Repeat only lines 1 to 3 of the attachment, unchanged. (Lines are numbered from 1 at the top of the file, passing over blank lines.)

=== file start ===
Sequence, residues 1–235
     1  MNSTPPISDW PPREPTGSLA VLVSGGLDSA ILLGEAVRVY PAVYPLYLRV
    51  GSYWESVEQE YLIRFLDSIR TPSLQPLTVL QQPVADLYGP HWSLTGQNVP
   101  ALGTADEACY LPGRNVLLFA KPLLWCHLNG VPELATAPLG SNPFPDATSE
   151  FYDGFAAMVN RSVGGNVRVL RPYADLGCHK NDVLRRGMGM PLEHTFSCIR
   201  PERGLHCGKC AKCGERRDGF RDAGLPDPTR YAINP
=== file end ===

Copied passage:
Sequence, residues 1–235
     1  MNSTPPISDW PPREPTGSLA VLVSGGLDSA ILLGEAVRVY PAVYPLYLRV
    51  GSYWESVEQE YLIRFLDSIR TPSLQPLTVL QQPVADLYGP HWSLTGQNVP